Emergency backup power is a must-have for homeowners. When it comes to backup power for your home, you have two choices, a portable generator or a whole home (standby) generator.
Portable generators are designed more for job sites, camping, tailgating and other mobile activities. They power individual items, such as plug-in appliances and lamps with extension cords. They run on gasoline or diesel and no installation is required. This makes them very convenient, but you must be present to operate and refuel them. Additionally, they must be safely operated away from the home and windows must be open in order to prevent carbon monoxide poisoning.
Whole home (standby) generators, on the other hand, are ideal for backing up your home because they keep your power on during an outage. Whole home (standby) generators are professionally installed outside your house, like an air conditioning unit, and they automatically start and restore power in seconds – whether you’re at home or away. They can power everything in your home, including critical hard-wired systems like air conditioning, heat, HVAC, lights, sump pumps, well pumps, security systems and large appliances. They don’t need refueling as they run on your home’s natural or LP gas and they deliver high-quality power which won’t harm your electronics. For added convenience, some whole home generators can be operated remotely from a smartphone!
How the whole home (standby) generators work is easier than you think! And you won’t need to lift a finger, as everything is automatic. When the power fails or drops below an acceptable level (brownout) the Automatic Transfer Switch (ATS) signals the generator to start. In seconds, the ATS transfers your power from the utility to the generator. If you began reading this when your power went out, by the time you’re reading this line, your generator will have started and restored power to your home. When the utility power is restored, the ATS automatically transfers your power from the generator to the utility.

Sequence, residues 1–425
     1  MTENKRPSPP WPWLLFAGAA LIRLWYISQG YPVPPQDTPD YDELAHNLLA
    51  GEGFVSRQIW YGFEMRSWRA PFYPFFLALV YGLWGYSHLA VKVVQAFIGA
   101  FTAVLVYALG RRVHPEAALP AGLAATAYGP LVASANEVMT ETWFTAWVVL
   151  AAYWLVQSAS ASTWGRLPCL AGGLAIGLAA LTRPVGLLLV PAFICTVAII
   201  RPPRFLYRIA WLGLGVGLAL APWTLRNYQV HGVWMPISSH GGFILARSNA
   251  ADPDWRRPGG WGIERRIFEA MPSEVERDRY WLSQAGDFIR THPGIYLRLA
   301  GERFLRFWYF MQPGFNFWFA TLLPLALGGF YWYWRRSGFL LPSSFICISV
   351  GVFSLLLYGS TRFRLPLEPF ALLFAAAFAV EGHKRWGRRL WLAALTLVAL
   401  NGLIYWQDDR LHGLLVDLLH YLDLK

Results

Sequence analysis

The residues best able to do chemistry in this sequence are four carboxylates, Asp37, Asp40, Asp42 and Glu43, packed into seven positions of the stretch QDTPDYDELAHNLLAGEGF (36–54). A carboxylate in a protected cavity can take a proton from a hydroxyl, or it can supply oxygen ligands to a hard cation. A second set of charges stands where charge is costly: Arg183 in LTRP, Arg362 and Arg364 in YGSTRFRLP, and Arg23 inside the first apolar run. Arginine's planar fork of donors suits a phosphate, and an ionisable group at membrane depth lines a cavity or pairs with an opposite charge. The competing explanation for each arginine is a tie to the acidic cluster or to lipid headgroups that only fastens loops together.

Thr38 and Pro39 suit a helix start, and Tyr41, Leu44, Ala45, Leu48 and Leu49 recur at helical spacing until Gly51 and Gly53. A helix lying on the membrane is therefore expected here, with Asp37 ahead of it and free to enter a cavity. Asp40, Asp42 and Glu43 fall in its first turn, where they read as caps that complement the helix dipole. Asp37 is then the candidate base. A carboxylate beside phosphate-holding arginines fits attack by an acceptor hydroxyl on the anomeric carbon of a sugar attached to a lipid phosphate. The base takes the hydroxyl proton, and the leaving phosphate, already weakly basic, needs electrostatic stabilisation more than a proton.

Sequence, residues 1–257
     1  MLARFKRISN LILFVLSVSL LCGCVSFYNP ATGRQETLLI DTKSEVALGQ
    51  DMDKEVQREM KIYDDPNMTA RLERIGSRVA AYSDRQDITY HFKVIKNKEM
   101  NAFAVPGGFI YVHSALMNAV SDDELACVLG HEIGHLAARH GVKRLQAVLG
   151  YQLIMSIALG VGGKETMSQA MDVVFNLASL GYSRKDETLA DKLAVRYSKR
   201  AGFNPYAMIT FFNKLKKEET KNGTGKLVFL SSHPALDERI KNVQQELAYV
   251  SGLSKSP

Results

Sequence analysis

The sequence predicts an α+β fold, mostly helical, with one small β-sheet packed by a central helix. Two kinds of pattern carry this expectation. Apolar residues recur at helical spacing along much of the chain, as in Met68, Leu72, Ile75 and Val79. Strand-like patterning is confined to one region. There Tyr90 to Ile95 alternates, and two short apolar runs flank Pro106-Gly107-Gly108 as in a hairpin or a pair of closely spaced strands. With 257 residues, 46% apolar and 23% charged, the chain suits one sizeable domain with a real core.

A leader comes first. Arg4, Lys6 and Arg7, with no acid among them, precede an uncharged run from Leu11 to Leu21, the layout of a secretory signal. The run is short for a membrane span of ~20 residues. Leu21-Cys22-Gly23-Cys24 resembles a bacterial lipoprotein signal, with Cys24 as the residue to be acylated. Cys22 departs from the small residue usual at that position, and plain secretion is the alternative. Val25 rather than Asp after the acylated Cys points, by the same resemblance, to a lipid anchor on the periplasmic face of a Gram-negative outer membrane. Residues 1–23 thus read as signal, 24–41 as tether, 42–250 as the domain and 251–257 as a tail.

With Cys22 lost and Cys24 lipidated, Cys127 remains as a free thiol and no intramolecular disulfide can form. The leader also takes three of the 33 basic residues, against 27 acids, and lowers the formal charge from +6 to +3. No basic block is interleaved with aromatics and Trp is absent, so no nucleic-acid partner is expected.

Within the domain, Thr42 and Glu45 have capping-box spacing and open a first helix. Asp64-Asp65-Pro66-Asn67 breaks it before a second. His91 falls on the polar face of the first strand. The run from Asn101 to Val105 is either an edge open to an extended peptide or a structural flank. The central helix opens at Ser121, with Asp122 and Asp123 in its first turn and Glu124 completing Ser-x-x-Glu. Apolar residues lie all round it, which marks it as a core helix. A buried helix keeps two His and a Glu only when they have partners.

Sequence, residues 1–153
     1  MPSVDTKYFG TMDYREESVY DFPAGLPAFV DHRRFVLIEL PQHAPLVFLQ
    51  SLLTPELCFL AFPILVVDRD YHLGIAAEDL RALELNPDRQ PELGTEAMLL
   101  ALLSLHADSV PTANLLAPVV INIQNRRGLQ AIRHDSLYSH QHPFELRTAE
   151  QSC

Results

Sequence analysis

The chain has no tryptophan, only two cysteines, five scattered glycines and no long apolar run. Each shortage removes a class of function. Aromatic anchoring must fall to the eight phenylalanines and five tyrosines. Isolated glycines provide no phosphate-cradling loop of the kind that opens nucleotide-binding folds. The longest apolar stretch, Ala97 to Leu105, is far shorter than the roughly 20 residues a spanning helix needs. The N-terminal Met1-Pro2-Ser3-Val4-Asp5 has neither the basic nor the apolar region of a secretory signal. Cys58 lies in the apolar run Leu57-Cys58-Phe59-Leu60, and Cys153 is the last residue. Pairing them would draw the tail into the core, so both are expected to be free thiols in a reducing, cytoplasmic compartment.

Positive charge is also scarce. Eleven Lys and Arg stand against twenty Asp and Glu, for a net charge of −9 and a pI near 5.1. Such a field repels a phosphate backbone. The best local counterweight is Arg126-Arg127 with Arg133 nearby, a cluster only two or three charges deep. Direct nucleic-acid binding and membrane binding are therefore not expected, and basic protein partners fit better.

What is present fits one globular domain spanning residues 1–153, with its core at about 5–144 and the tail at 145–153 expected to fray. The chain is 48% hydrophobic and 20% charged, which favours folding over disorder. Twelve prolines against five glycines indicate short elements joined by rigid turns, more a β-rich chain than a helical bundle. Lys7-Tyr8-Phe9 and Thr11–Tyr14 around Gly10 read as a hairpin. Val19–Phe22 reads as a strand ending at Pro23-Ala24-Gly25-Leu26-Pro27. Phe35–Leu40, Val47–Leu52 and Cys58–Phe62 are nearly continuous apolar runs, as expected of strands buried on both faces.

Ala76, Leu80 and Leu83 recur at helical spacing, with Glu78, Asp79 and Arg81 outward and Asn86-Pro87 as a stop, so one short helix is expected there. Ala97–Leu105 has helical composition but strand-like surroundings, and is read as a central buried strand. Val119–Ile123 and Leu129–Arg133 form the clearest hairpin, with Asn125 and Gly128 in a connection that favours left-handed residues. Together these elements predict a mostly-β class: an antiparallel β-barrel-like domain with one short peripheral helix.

A whole home generator plus installation typically starts under $6,000. However, the total cost will vary based on your power and installation needs. When shopping standby home generators, your checklist should include generator size, costs, permits and installation.
It is estimated that 87% of power outages in the United States are caused by severe weather and weather-related power outages have doubled since 2003. Power outages cost American households $150 billion annually with weather-related outages accounting for $25 – $80 billion per year. In addition, approximately 500,000 people on average, are affected daily by U.S. power outages. The amount and severity of these outages has spiked dramatically over the past decade, causing physical, emotional and economic hardship for many Americans. Save yourself future frustration by preparing for emergencies now.
Mark Diehl is the owner of Aqua Hills Water, a member of the Chippewa Valley Home Builders Association. Blog articles are often submitted by members of the Chippewa Valley Home Builders Association. For more information please call 715-835-2526 or email email@example.com.